As an American, my perspective might be different from the rest of you. Here in America, you are expected go to school, get a job, get married, buy a house, and have your 2.5 children. You work hard, follow the rules, and retire. It's like The Matrix, and any serious deviation is considered abnormal and weird. People may want to travel, tell you they envy what you do, and wish they could do the same but really, they don't. If they did, they would do it. It's not that hard. I worked for two years, quit my job, and started traveling. There's no trust fund behind me, but I do have to work hard to live this lifestyle. But everyone always ends a conversation with, "So when are you going to settle down? Are you going to married?" And what they're really asking is, "When are you going to grow up and get real!"
Years ago, at the height of the economy, a book called The Secret came out. According to The Secret, if you just wish and want hard enough, you'll get what you want. Wishing can make it true. But that's wrong -- the real secret is that you get what you want when you do what you want. Life is what you make it. Life is yours to create. We are all chained down by the burdens we create for ourselves, whether they are bills, errands, or, like me, self-imposed blogging deadlines. We all have responsibilities. When we let those responsibilities own us, however, they become our reality. After years of working in a cubicle, I decided working 9 to 5 wasn't going to be my life. So I ran away from my bills, my daily commute, my nice apartment, and my nice car. It was the best thing I ever did.
People who travel the world aren't running away from life. We get to be the captains of our ships. In fact, it was that freedom I saw in travelers I met years ago that inspired me to do what I am doing now. I'm not running away from my life, and neither is anyone else. I am running towards the world. And I never plan or want to look back.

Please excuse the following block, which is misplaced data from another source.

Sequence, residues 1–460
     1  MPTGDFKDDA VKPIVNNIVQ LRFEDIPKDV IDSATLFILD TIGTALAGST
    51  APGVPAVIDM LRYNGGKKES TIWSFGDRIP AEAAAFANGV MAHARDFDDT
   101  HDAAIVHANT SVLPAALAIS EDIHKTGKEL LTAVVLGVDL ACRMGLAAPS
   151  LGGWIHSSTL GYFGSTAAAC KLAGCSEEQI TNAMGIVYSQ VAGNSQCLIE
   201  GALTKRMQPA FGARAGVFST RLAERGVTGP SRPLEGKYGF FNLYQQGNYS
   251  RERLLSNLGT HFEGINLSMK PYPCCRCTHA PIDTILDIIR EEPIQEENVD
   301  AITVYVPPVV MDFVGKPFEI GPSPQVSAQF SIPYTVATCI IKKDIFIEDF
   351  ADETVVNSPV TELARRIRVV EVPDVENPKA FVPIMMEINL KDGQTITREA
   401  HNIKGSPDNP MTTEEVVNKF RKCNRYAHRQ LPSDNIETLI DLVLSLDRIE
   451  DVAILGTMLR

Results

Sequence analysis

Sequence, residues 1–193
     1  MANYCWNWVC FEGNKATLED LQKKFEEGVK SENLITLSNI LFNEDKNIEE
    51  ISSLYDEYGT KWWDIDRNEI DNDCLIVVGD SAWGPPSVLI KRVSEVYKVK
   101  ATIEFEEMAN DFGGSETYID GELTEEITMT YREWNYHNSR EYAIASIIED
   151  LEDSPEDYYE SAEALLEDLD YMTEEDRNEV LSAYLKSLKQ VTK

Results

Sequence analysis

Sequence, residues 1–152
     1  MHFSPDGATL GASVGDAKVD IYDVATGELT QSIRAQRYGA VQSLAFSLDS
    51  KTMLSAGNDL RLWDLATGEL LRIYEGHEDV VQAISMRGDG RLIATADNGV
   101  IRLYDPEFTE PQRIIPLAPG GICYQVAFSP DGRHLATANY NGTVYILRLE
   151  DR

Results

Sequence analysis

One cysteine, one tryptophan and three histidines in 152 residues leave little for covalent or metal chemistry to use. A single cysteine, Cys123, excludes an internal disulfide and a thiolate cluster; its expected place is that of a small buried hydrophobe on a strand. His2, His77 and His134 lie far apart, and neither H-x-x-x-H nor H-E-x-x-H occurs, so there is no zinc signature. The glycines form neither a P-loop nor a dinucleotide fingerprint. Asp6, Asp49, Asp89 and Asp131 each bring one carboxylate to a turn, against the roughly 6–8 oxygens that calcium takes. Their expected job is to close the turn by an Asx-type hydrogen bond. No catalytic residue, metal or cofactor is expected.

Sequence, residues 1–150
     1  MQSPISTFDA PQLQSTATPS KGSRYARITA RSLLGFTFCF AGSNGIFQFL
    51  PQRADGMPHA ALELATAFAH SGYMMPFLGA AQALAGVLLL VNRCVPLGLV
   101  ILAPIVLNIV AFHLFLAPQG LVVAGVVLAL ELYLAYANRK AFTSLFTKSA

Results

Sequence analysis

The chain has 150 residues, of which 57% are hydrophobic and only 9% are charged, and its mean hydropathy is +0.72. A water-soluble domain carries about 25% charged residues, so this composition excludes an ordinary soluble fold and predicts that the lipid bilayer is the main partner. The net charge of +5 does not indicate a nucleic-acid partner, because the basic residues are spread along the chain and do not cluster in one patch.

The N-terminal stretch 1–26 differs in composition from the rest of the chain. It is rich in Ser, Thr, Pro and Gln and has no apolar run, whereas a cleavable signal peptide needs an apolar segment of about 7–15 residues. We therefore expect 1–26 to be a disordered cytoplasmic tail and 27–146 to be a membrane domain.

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I have to reiterate that this is simply (mostly) how I feel on the matter.  Traveling and exploration makes me one happy girl. It makes my heart burst with joy.  I can't even describe the knowledge that I've gained in my travels and experiences and I love that every time I travel I end up discovering more about myself.  I acknowledge that not everyone has the means to travel and that I am blessed beyond belief to have had the opportunities that I've been given. 

In the end I think that you should do whatever it is that makes you happy.  For some people that is travel.  For others it could be being a loving parent, or having a stable job with a steady income, it could be providing for your family or excelling in a sport or hobby.  If it brings you joy and happiness, than that's all that really matters.  As for me, the wanderlust for travel is as strong as it's ever been and as long as it continues to make my heart smile, I'll continue to do it- whether I end up a poor old maid or not. :)